Bill was best known around town as a percussionist. He played the drums, marimbaphone and xylophone in bands and orchestras from the 1920s into the 1950s such as the Royal Canadian Legion Band, the PPCLI Reserves Band (in which he held the rank Band Sargent Major), and he was member of the fledgling Winnipeg Symphony Orchestra.

September 30, 1919, Winnipeg Tribune

Bill became involved with the War Widows and Widowed Mothers Association in the early 1920s.

This organization was formed at a meeting at the Odd Fellows Temple in 1919 by a group of women who recognized each other from attending various ceremonies and homecomings. They decided to band together in a formal group to comfort and support each other.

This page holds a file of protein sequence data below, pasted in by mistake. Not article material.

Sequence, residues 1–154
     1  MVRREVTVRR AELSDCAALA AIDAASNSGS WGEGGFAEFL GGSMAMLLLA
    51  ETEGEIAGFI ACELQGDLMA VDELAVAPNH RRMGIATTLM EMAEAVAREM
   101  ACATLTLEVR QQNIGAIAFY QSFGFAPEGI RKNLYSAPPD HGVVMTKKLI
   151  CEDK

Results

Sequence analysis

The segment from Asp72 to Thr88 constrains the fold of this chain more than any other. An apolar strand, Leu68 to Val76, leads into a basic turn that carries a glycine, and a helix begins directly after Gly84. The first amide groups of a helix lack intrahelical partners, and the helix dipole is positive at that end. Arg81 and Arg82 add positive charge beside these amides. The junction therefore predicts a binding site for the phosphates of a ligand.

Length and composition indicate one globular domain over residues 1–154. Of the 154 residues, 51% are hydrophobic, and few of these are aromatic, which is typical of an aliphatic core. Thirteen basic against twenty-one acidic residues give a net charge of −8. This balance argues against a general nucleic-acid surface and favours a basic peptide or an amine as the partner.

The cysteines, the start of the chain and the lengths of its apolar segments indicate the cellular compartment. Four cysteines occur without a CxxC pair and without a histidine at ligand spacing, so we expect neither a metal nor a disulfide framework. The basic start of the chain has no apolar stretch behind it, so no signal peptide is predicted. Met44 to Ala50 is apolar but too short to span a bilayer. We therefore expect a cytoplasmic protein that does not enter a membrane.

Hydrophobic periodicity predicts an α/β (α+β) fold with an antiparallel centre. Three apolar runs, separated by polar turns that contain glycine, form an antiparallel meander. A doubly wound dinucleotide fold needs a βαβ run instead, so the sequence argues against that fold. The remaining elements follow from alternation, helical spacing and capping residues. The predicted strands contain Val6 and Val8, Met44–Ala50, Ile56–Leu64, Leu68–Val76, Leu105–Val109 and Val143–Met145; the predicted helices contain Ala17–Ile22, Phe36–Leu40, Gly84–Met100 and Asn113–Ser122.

Bill acted as the group's musical director, arranging concerts and other shows to entertain members and to raise funds for the organization.

December 8, 1942, Winnipeg Tribune

Elsie's children were grown by the early 1930s and her name began to appear in articles about the War Widows and Widowed Mothers Association.

In 1933, she was elected its vice-president and helped organize and host events for members, such as picture shows, children's concerts and picnics. The Banning Street home was the site of numerous tea parties and executive meetings.

The group's work became more daunting when a new war began and created a new generation of war widows and widowed mothers. Intermixed with social events were drives for women's clothes and baby supplies. Elsie was elected president in 1942 and spent most of the remainder of the war in that role.

Though the group continued on into the mid-1950s, with Elsie serving at least two terms as president, the War Widows and Widowed Mothers Association's role was not as prominent as it had been after the First World War. There were new organizations that took more of a centre stage.